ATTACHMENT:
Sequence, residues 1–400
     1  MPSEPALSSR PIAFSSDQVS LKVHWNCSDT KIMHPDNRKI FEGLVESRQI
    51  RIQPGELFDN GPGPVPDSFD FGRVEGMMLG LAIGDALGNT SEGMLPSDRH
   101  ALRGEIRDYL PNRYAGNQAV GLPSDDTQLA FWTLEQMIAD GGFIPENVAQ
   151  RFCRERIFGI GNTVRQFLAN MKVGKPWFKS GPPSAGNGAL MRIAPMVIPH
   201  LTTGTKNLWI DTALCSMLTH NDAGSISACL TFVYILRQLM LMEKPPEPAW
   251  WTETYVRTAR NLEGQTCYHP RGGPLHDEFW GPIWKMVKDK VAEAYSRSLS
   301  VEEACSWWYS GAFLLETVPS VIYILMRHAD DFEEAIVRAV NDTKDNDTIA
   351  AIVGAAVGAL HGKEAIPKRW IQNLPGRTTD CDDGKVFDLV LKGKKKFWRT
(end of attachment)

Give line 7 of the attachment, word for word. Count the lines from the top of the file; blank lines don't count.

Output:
   251  WTETYVRTAR NLEGQTCYHP RGGPLHDEFW GPIWKMVKDK VAEAYSRSLS